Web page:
A friend of mine turned me on to this article in the New York Times the other day. It got me wondering. TXU installed my “smart meter” last summer, although I didn’t get one of those fancy indoor price readers – that could be handy, but then again, who needs another digital panel hanging on the wall! The meter counts up every month, but also gives at the moment read-outs. I found it very interesting to see just how much energy my dryer uses, and my air conditioner. Did you know that a 2.5 ton A/C unit, on average, uses 84 kw per day? Thats 2,604 kw a month – assuming I did my math correctly. My clothes dryer uses an average of 3.3 kw/h. That sounds small, but my house has 3-4 loads each week, and an hour of drying time each load makes 13.2 kw/h a week, times 4 equals….52.8 kw/h each month, not to mention the heat it adds to the house making the A/C work harder during the 10 months of the year we have to cool the house here. During the summer, I hang my clothes outside to dry. I live in Texas after all, and come July, clothes take 20 minutes to dry. Sometimes, the clothes I hung up first are dry by the time I finish hanging up the last of the load. I have also found that laundry is done more quickly, and always gets put away. That’s probably just a personal quirk, but still an advantage for me, and I get some much needed vitamin D. I’d never done the math before, but I had noticed the increases on the meter outside. It caused me to make some changes; gave me proof that hanging the laundry outside was beneficial – and that Husband can trade the cost of crunchy clothes for the savings in the utility bill.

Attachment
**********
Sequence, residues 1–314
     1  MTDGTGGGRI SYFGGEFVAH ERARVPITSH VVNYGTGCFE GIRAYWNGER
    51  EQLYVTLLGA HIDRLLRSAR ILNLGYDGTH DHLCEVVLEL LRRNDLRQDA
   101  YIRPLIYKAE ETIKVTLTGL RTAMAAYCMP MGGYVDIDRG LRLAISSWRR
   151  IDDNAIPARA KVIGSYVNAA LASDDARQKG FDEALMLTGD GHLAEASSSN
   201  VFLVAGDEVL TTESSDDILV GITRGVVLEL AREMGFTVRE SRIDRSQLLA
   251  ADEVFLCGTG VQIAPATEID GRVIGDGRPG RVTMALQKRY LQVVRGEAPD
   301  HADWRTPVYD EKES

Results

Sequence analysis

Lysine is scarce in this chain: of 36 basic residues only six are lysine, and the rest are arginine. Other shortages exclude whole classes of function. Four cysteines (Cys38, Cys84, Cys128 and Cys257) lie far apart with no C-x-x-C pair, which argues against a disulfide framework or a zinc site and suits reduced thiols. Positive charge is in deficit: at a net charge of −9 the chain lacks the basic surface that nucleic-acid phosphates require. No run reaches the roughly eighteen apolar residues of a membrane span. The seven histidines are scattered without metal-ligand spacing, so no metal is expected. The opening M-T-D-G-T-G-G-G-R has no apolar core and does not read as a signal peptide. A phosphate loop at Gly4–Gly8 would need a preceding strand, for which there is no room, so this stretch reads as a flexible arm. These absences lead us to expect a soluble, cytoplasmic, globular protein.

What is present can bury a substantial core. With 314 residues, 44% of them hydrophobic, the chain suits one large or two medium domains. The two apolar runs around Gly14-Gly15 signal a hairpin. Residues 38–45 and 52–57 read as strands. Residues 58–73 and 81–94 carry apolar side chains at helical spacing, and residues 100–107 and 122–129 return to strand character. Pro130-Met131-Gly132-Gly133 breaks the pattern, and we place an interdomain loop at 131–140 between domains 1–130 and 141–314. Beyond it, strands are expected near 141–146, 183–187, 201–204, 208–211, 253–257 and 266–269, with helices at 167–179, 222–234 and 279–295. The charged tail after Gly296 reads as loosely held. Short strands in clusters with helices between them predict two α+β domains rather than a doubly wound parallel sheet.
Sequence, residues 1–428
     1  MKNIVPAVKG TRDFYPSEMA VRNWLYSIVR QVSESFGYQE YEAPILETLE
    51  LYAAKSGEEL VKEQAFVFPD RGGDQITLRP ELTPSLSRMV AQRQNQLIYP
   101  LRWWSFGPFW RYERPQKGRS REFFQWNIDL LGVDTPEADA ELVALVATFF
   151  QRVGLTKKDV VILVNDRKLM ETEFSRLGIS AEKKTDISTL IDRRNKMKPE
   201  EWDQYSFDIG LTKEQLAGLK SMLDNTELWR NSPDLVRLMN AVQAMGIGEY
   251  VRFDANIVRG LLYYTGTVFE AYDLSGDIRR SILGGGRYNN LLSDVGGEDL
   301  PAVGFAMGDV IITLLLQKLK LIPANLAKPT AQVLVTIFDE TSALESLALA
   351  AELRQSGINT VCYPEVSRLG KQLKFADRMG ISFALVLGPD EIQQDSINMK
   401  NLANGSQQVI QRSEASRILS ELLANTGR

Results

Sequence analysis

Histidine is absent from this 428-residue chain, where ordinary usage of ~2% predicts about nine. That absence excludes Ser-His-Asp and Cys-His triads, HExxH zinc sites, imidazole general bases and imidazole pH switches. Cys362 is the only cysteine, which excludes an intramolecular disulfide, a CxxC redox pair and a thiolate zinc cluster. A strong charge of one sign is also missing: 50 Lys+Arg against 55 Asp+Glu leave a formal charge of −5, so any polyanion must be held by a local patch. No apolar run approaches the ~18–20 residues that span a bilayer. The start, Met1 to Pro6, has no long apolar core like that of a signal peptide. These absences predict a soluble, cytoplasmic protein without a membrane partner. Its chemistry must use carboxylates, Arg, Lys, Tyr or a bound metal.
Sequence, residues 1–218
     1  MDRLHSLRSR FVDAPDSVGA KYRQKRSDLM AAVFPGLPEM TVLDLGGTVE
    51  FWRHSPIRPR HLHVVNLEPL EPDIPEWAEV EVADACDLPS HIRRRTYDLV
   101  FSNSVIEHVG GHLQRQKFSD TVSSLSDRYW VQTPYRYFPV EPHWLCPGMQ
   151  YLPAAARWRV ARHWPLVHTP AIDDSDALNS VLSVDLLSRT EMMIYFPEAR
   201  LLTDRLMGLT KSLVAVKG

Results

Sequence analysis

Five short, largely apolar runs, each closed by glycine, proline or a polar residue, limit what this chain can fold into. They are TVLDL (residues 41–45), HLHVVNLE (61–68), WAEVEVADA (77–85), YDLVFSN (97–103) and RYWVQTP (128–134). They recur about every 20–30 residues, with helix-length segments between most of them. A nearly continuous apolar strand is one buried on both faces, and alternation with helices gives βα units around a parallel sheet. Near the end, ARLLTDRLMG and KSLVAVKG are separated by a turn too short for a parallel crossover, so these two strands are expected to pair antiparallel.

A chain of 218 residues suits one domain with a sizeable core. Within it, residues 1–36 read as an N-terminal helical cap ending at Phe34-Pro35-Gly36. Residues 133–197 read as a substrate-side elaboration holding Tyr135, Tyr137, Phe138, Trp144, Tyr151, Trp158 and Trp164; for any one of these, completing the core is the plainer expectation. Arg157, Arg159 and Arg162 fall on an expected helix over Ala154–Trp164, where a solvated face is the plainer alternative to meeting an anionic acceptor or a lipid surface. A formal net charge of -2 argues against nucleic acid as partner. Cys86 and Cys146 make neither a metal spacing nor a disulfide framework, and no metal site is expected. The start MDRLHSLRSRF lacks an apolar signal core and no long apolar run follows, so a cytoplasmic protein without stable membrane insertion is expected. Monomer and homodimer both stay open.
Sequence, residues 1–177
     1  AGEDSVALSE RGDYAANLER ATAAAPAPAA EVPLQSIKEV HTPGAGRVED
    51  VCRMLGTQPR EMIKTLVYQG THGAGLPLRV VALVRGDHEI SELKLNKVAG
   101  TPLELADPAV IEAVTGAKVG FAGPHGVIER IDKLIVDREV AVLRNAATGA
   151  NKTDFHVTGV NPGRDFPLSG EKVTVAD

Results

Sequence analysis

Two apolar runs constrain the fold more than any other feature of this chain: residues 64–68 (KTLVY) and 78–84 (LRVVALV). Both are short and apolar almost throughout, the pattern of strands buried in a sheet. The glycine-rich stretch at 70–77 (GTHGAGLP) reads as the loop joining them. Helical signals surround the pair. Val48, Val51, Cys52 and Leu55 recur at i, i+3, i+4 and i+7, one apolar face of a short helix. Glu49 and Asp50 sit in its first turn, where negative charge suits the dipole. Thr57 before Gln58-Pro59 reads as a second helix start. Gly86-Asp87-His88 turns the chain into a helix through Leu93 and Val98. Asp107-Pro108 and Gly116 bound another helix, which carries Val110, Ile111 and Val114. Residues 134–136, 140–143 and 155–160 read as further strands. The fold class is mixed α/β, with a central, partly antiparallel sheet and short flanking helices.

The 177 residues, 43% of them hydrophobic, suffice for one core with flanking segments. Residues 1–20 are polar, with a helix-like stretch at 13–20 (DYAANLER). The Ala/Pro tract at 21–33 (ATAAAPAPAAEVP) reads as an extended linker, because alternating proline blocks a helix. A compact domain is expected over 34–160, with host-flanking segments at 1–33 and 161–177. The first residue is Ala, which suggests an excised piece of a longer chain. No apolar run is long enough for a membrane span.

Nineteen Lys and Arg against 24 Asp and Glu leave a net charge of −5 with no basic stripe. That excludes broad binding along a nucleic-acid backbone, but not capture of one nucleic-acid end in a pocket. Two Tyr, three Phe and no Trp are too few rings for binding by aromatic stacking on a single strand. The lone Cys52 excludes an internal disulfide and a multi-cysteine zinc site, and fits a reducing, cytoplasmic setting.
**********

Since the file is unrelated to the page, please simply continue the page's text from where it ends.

It’s winter now, and as I mentioned yesterday – freezing. Its not suppose to get above 32f until Sunday, or something rediculuos like that. So I’m washing, and drying clothes, wearing a turtle-neck and house shoes, and will take my son to the library later to soak up their heat. Using free public places for their utilities is a great way to save money. And really, my tax dollars pay for that central heating anyway. Right?